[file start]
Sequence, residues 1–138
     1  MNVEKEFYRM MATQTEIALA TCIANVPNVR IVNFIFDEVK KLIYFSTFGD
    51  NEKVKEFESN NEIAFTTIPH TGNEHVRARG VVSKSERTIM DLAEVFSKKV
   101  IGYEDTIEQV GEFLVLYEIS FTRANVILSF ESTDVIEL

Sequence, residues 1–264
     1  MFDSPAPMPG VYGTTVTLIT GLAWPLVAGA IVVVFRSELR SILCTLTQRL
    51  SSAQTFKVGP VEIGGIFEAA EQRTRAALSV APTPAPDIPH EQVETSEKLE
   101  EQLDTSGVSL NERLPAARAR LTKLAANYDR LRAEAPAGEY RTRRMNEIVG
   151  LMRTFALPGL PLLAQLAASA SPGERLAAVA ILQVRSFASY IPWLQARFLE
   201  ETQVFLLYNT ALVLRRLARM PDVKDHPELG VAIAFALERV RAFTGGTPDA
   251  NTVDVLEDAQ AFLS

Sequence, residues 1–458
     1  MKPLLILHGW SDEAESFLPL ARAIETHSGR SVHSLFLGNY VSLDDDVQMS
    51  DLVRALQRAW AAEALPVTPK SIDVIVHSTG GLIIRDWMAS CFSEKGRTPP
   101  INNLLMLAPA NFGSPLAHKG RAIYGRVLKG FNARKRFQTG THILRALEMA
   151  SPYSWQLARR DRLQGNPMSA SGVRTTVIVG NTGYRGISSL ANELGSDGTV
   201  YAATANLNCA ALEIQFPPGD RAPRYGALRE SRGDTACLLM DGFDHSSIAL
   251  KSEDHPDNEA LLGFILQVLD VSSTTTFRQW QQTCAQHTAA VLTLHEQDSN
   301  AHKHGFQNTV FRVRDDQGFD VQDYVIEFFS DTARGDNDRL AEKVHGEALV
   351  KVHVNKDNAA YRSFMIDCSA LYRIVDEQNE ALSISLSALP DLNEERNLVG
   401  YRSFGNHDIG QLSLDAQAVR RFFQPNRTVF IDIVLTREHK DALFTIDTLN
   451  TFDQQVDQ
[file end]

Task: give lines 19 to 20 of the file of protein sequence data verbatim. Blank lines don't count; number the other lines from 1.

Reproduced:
   301  AHKHGFQNTV FRVRDDQGFD VQDYVIEFFS DTARGDNDRL AEKVHGEALV
   351  KVHVNKDNAA YRSFMIDCSA LYRIVDEQNE ALSISLSALP DLNEERNLVG